That this a profound illusion The Power of Maps reveals only in its list of further readings on page 67 (the whole document runs only 74 pages). The first item, Giacomo Rambaldi’s Participatory Three-dimensional Modeling: Guiding Principles and Applications: 2010 edition runs 98 pages, each crammed with facts, figures, diagrams and tasks, tasks, tasks. There’s a lot to do before the locals can start making their model, and lots of outsiders are going to work to get it done. To begin with:

Organizing and facilitating a P3DM exercise requires a multidisciplinary team with at least three facilitators covering – as an example – the following disciplines: geography/cartography/GIS; natural resource management/environment; and social sciences. (p. 52)

and:

Logistical aspects vary from project to project. The more complex the initiative the more demanding are the logistical arrangements. All projects, whether they involve single or multiple communities and ethnic groups scattered over a large area, must handle logistical details for field activities, workshop venues, travel, accommodation and catering for community members and technical staff. Other matters to be arranged include contracts for a venue sufficiently large and possibly with electric power to allow the manufacture of the model, board and lodging, equipment rental or purchase and procurement and safe storage of supplies including the base maps. Additional staff may be hired and vehicles made available – in short, a variety of logistical arrangements are required for the project to run smoothly. All of these arrangements must be made in a timely fashion, and many must be in place during the earliest stages of the project and before project activities get underway. (p. 31)

That’s my emphasis, but there are lots of people from the outside who are going to be involved, and it all has to be paid for (materials for the model alone will run about a thousand bucks), there are salaries, and so there are sponsoring agencies and so on (and so on). While there’s a philosophical inclination to insist that these projects are “demand driven” – by the locals – it’s plain enough that they’re instigated by the agencies funding the work and so they’re in pursuit of agency goals.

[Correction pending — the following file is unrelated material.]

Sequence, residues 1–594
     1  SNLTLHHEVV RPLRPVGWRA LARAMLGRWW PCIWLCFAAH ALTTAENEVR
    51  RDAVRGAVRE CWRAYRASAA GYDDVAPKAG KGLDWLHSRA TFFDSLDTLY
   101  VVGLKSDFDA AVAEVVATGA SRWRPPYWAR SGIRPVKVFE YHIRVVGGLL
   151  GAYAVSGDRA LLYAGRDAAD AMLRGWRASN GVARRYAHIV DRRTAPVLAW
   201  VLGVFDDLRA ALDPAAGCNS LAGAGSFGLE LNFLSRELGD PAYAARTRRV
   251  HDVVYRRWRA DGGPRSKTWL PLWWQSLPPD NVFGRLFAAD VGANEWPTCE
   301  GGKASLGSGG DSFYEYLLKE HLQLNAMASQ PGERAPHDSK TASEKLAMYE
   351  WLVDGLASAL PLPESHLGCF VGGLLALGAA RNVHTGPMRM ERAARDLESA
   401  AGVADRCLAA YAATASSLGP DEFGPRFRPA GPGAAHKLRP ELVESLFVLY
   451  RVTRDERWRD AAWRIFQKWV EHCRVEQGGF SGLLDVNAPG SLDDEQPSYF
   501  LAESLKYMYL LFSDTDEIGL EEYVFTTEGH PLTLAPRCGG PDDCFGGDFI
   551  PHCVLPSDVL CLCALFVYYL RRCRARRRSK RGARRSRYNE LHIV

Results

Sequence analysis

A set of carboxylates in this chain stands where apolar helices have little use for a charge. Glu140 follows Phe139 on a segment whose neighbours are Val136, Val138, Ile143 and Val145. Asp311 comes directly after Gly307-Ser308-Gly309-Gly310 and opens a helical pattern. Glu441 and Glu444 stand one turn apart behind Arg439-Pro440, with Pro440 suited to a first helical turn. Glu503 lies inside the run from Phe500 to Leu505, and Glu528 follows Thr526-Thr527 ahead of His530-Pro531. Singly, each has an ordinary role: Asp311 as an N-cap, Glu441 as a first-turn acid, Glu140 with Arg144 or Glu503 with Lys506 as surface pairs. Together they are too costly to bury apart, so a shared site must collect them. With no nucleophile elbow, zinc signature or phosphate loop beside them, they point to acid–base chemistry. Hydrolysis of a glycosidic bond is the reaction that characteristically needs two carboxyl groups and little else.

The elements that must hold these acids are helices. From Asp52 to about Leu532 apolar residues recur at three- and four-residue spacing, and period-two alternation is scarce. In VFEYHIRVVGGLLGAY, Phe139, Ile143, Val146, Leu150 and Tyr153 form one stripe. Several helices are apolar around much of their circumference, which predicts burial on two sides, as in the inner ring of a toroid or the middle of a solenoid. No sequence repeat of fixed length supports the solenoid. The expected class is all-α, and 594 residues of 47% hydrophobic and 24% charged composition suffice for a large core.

Further along in the further-readings is CTA’s “Training kit on participatory spatial information management and communication” (2010). This consists of fifteen modules, most of which contains four units, none of which takes less than an hour, which is to say we’re talking about a commitment of more than 60 hours, and that’s without all the stuff they ask you to download and read or watch. Working through this training kit demands a serious chunk of time and energy. But, then, the whole thing does. The least of it is the construction and interpretation of the model, since once that’s done the whole thing has to be turned into a GIS, and maps have to be made. Maps, as my Power of Maps made plain, will be the tools used to implement any action, which since these are more or less all government projects, pretty much goes without saying. The 3D models are really about securing buy in, consensus, on the part of the locals.